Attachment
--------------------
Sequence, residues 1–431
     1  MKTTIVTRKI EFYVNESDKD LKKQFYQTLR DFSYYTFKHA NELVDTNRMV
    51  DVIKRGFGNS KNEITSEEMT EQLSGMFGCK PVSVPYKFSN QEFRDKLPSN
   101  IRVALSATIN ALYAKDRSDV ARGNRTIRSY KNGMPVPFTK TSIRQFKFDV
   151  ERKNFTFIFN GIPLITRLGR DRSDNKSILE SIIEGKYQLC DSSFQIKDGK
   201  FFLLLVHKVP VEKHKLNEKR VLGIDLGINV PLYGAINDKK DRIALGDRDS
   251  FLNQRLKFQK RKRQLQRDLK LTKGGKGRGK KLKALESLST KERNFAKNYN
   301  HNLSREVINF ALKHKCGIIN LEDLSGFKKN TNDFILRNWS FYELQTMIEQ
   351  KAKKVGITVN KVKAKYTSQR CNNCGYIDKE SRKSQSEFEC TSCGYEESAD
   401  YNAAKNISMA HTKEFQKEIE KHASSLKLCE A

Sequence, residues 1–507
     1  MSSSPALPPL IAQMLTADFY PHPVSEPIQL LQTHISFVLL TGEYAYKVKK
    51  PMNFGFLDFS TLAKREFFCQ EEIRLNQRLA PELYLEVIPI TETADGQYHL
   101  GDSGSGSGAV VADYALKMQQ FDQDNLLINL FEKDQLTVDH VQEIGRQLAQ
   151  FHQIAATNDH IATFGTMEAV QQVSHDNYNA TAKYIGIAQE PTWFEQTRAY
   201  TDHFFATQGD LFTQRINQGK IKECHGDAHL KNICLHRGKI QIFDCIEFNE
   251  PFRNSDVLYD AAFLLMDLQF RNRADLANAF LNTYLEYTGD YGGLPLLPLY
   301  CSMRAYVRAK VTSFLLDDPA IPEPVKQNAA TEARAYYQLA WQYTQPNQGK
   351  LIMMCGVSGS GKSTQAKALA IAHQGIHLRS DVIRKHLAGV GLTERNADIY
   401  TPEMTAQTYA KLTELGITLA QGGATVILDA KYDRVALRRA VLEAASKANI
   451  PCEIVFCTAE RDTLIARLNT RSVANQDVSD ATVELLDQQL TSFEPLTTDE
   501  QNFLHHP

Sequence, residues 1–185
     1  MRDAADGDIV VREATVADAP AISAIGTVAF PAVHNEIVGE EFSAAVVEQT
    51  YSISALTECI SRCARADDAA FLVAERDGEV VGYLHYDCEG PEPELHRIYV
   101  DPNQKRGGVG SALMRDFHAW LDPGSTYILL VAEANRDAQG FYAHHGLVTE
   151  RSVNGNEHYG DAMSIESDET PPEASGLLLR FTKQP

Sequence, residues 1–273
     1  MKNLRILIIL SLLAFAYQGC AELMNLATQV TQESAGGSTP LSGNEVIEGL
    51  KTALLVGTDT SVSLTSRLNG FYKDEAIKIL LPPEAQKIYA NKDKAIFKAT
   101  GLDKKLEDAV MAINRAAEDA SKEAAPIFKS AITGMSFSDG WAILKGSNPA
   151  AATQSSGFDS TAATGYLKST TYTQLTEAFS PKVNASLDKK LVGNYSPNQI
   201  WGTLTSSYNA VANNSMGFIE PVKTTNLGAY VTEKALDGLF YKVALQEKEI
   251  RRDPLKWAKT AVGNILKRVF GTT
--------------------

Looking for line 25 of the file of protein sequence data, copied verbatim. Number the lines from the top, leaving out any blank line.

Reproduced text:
    51  YSISALTECI SRCARADDAA FLVAERDGEV VGYLHYDCEG PEPELHRIYV